How the government justified killings in Nasa protests: report

The government has been accused of denying the scale of the violence that erupted soon after the announcement of the August 8 general election.

Even in instances where deaths have been documented, the government’s response was to deny or, in some instances, appeared to justify the deaths, a report by two human rights groups says.


On August 12, acting Interior Cabinet Secretary Fred Matiang’i defended the police saying there was no use of firearms and nobody was killed.

The CS said all demonstrators were looters, implying that “they were legitimate targets for shooting”.

According to Dr Matiang’i, the few people who might have been killed were criminals who were looting shops and police had only acted to thwart such criminal attempts.

“Peaceful demonstrations and picketing are protected by the Constitution and our police always act according to the law. Individuals or gangs that are looting shops, that want to endanger lives, breaking into people’s businesses; those are not demonstrators, they’re criminals,” the CS said.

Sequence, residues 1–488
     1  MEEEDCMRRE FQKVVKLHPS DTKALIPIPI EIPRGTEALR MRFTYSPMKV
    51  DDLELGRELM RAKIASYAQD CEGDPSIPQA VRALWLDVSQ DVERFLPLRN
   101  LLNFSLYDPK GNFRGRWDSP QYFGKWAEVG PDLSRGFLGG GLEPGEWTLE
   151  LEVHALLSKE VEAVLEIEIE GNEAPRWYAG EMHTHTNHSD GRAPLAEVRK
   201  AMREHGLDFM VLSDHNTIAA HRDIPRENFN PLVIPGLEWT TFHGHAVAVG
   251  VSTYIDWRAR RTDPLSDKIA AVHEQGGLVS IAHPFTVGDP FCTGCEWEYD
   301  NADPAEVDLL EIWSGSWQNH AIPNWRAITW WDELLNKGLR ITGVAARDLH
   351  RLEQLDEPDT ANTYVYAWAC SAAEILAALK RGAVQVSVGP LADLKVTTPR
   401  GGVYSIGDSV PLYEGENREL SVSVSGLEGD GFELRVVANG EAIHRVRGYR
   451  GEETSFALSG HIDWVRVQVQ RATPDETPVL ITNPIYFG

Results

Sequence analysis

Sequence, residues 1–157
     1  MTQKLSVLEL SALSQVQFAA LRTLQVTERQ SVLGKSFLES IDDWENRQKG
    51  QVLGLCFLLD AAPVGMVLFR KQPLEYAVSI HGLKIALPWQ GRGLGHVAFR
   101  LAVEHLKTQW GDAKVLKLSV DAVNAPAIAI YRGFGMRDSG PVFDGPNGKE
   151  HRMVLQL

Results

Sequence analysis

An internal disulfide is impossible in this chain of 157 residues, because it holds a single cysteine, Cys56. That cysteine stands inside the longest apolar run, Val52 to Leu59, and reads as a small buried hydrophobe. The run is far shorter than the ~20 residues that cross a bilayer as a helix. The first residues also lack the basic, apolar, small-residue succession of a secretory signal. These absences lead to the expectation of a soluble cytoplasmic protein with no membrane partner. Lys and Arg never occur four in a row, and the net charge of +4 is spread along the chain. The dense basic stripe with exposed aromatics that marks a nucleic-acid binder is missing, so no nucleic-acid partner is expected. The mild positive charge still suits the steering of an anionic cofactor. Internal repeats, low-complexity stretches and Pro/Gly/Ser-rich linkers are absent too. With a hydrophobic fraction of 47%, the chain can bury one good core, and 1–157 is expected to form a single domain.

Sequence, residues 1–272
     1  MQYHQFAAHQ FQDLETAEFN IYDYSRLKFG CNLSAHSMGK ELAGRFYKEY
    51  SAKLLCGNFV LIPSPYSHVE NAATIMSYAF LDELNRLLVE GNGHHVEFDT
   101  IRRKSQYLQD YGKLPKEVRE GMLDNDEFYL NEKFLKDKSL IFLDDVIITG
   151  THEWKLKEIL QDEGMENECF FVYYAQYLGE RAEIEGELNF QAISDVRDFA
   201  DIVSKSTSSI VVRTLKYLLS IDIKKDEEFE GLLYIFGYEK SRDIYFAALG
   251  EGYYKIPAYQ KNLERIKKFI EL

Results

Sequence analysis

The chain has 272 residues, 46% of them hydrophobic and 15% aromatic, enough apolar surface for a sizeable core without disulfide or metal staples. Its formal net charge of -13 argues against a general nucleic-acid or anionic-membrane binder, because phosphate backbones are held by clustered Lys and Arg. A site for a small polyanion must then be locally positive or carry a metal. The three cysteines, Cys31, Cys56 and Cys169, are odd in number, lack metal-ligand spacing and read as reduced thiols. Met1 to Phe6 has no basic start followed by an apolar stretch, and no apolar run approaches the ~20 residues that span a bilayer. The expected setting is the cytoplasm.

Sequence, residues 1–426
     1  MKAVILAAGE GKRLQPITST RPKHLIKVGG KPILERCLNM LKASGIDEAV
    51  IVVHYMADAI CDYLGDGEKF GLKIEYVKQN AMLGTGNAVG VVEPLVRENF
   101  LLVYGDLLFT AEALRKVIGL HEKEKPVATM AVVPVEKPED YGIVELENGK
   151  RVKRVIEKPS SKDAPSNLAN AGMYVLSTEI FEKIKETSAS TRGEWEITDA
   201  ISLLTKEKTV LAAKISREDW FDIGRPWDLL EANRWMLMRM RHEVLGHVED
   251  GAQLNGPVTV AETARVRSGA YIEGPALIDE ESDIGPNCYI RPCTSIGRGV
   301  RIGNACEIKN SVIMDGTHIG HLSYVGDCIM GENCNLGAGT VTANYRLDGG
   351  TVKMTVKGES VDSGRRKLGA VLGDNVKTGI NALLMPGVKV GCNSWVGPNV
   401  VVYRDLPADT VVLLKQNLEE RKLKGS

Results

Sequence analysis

The report notes that in some areas of Nairobi and Kisumu after National Super Alliance (Nasa) presidential candidate Raila Odinga stated in a press address on August 9 that there was hacking of IEBC servers and irregularities in the tallying of results.


On August 11, Independent Electoral and Boundaries Commission (IEBC) declared President Uhuru Kenyatta the winner leading to demonstrations, especially in opposition strongholds and informal settlements in Nairobi, Western and Nyanza.

On the morning of August 12, police swept through neighbourhoods in 4A, areas C and T pursuing protestors.

The report says the police kicked doors open, pulled men out of their houses, and beat them with batons and gun butts. The victims said police shot at residents even where there was that their lives could have been in danger.

In areas such as alleys of the Ngomongo area of Korogocho on August 13, following the burning of the chief’s office at Waraka, GSU police went house-to-house looking for men again, shouting “Wanaume!”

“They banged on doors one after the other, systematically, and pulled male residents out of their homes, breaking doors and smashing property,” the report said.

In Korogocho, a police commander said they were provoked, although he urged police restraint. “We were provoked a lot but we tried to avoid escalating the situation. We were attacked with stones, but it was just stones.”

An overwhelming majority of the people killed in the 20 months were young men and boys

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